Hi all…

Last year, I had the pleasure of reading Patient Zero by Jonathan Maberry, which took the concept of a zombie plague and put it in the hands of a group of terrorists. Joe Ledger was the hero recruited to take on the shambling, infected dead and find a way to stop them as part of the Department of Military Sciences (DMS) – a super-secret group of highly-trained and resourceful individuals tasked to take out the threats the normal police or military forces of the United States can’t handle.

Now Maberry has managed to take evil to a whole new level with The Dragon Factory. Not only does the terror fit in a timebox of one week, it merges cutting-edge genetics and biological science with the eugenics goal of the Nazis of World War II as they strived to create a “master race”.

Consider what would happen if the cloning experiments described in Ira Levin‘s The Boys from Brazil had the technological tools and expertise of today. Now multiply that by a factor of 1000. As the novel progresses, the depths of depravity and layers of pure evil reveal themselves to be imaginative, inspiring, and horrific all at the same time.

On one side you have the beautiful Jakoby Twins – brilliant, elusive, perfect albino twins engaged in creating genetic mash-ups of existing creatures to form monsters and mercenaries capable of wanton destruction at the drop of a hat. On the other side, you have their father – Cyrus Jakoby – striving to not only create the Nazi Master Race, but rid the world of impurities as Adolph Hitler began to do during his reign of terror.

Between those two factions we find a race against a doomsday clock (called the “Extinction Clock”) nobody knows about until it’s almost too late and Joe Ledger and his friends fight against the odds to save the world from the depths of depravity and madness. Ledger fights the evil on his own terms – but is the sacrifice too high this time?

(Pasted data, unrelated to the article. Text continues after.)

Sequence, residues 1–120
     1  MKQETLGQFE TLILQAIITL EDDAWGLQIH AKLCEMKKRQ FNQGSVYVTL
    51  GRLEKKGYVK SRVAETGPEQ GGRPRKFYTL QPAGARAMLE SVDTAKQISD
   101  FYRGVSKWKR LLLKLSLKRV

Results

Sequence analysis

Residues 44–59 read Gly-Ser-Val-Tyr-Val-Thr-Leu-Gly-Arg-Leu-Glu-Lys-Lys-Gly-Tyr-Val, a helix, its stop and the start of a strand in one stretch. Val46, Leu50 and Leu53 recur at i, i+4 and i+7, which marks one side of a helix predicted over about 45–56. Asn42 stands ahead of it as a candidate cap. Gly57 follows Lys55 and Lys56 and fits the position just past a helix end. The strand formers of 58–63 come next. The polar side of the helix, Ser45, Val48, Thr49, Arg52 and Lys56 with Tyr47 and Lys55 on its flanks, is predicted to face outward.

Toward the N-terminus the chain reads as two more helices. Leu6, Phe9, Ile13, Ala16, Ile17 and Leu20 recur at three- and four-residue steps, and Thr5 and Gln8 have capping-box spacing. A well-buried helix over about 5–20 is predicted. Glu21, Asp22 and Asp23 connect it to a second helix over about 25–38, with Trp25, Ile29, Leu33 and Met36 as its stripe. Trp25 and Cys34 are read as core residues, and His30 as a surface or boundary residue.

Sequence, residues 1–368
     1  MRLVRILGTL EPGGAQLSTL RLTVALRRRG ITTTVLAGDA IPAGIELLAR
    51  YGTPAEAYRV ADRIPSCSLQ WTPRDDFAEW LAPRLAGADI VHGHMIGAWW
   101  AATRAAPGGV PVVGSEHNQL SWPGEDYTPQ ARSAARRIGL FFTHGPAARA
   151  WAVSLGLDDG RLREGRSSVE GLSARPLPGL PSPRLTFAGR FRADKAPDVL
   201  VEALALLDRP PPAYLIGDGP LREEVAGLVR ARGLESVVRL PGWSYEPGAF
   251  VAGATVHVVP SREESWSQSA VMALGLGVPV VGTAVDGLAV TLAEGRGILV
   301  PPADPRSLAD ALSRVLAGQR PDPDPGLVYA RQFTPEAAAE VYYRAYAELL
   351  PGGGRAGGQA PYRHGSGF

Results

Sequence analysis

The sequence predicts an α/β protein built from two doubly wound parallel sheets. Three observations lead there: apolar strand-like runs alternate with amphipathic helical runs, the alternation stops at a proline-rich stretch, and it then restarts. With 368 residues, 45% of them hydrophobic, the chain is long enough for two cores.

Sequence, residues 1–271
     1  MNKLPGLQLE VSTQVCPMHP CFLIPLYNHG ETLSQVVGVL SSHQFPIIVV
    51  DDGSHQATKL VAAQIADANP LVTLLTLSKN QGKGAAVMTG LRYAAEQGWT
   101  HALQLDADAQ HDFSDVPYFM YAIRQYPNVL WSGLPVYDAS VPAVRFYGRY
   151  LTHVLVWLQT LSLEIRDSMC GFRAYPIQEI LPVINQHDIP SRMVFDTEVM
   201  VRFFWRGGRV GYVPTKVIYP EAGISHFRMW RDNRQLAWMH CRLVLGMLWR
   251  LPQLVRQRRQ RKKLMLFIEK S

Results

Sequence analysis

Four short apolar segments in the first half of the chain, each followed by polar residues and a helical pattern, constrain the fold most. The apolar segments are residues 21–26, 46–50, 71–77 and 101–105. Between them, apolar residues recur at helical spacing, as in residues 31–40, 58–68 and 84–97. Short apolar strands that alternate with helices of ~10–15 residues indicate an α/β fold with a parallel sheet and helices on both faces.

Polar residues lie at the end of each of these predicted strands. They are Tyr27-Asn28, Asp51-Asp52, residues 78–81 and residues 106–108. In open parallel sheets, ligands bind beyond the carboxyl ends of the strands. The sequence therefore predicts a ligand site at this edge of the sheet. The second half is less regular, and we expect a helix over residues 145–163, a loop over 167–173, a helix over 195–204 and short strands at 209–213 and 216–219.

Honestly, I love it when novels manage to work in not only artifacts of the present, but the echoes of history that are far too often forgotten. Maberry does both in spades while putting you on a heck of a rollercoaster ride. And don’t worry – there’s lots of gunfire, knife fights, and grenades to go around.

Though there is some serious science embedded in the pages of The Dragon Factory, I never found myself bogged down anywhere. His explanations were simple enough to keep the plot moving and the action hardly ever let up. Even the occasional love scene rarely slowed the novel’s pace. Merging the dangers of genetic and biological manipulation with the unfathomable evil of the plans for the Nazi Master Race was a brilliant yet terrifying reminder that humankind is capable of truly beautiful and horrible things.

Maberry has written multiple novels, magazine articles, and plays while also teaching writing. I don’t know where he finds all the time. His novels include Ghost Road Blues, which won the Stoker Award for Best First Novel in 2006, Dead Man’s Song, Bad Moon Rising, and Patient Zero, which was recently optioned for television. And when he’s not writing novels, he writes for several Marvel comics, including The Black Panther and other heroes including Wolverine, Spider-Man, The Punisher, and others.

If you like fast, intelligent action thrillers, I can highly recommend Jonathan Maberry’s The Dragon Factory to be on your list of books to read. And if you haven’t read Patient Zero, I’d encourage you to pick that up as well. They’re both fast reads with some serious crunch. I can hardly wait to see what’s next for Joe Ledger – and I’d love to see Patient Zero done well on television!


p.s. Pick up The Dragon Factory and other Jonathan Maberry books at Amazon:

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Book Review: Patient Zero by Jonathan Maberry

Hey there…

When you start a book with a short first chapter, you’d better make it memorable. For Patient Zero author Jonathan Maberry introduces us to our hero, Joe Ledger, with two sentences: